Dragon Operations: Hostage Rescues in the Congo, 1964-1965

by Thomas P Odom

Book cover for Dragon Operations: Hostage Rescues in the Congo, 1964-1965

In August 1964, thousands of Simba rebels attacked and captured the city of Stanleyville in the newly independent Republic of the Congo and took more than 1,600 European and American residents as hostages, threatening to kill them if any attempt was made to recapture the city. In November of that year, after months of increasingly tense and complex discussions among the governments whose nationals were being held, an airborne assault by Belgian paracommandos dropped by American Air Force planes, combined with a CIA-piloted air strike against the Stanleyville airport, liberated most of the hostages, but only after a Simba-initiated massacre. "Dragon Operations: Hostage Rescues in the Congo, 1964-1965" provides both the political background to these events and a detailed account of the actual operations: Dragon Rouge, the operations in Stanleyville, and Dragon Noir, focused on the city of Paulis, several hundred miles away. The book highlights the difficulties in organizing an international rescue effort with insufficient joint planning and inadequate command and control among the Belgian and American forces, as well as their differing political ideas and goals. The ad hoc nature of the planning was exemplified by an initial American Special Forces plan to air drop its forces east of Stanleyville and float down the river to Stanleyville. This plan was aborted when it was pointed out that the existence of Stanley Falls between the drop zone and the city was an insuperable obstacle. The operation also suffered from the Belgian commander's colonial-era contempt for the numerical strength of the Simbas and American fears of what was in reality a non-existent Communist element in the rebel movement. "Dragon Operations" demonstrates that, despite the slapdash nature of their planning and communications aspects, as well as the distance involved, the austere support, the large number of hostages, and a lack of intelligence data, they were remarkably successful in rescuing most of the hostages. Although less than ideal, the operations worked better than expected, given the conditions under which they were conducted. This important study of an almost forgotten episode of the Cold War has much to offer to military strategists and tacticians, political scientists and students of contemporary history alike. Orginally published in 1988: 236 p. maps. ill.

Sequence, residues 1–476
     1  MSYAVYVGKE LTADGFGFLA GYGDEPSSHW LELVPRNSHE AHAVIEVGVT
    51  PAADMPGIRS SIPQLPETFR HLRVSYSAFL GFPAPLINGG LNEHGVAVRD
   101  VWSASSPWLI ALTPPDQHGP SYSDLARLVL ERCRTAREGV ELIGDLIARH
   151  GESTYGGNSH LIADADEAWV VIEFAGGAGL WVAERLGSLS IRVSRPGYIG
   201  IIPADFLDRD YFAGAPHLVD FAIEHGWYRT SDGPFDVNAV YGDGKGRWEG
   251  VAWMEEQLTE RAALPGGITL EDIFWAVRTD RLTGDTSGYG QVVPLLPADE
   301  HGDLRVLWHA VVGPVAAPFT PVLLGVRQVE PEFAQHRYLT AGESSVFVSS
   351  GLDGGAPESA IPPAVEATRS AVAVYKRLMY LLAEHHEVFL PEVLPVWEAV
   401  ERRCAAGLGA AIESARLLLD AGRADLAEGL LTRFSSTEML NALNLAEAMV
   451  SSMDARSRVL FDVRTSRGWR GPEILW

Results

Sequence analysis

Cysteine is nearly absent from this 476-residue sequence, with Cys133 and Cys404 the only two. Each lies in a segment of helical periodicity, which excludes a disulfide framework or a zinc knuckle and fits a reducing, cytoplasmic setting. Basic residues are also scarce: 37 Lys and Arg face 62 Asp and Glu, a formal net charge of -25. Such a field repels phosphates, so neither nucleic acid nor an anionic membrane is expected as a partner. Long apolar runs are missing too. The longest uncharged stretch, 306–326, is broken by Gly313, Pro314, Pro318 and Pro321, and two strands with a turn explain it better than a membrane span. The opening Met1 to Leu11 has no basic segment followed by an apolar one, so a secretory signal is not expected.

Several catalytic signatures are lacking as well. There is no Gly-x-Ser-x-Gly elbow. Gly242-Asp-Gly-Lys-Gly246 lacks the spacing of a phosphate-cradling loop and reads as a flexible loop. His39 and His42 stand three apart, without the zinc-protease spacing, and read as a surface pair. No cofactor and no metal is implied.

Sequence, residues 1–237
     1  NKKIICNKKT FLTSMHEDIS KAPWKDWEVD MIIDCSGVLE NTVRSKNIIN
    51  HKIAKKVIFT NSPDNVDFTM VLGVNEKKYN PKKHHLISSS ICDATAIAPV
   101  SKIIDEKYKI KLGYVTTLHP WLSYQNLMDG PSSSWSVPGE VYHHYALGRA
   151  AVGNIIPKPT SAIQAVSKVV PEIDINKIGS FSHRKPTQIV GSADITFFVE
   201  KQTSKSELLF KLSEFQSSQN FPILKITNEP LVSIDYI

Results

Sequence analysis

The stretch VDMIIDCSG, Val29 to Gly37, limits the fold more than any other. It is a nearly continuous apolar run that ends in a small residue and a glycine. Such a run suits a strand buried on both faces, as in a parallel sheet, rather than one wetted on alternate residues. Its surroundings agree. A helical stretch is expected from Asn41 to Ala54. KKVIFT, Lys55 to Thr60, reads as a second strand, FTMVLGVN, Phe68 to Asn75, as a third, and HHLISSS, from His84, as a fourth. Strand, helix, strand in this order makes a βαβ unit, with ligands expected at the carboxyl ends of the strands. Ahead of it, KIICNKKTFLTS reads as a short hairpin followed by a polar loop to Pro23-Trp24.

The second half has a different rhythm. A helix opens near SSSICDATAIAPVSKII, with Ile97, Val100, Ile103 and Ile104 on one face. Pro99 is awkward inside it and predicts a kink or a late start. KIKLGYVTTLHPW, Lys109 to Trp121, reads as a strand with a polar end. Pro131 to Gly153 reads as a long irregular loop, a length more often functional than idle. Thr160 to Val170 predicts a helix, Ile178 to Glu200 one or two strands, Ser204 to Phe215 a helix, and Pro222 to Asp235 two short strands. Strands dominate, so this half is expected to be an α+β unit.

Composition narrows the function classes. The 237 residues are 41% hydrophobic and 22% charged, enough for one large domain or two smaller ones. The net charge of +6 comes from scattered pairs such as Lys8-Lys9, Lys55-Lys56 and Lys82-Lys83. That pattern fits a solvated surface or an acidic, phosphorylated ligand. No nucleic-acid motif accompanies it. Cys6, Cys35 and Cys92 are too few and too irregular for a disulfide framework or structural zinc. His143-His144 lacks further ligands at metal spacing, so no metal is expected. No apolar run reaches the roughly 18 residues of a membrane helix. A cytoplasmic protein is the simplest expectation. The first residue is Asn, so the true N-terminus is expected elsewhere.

Is currently part of: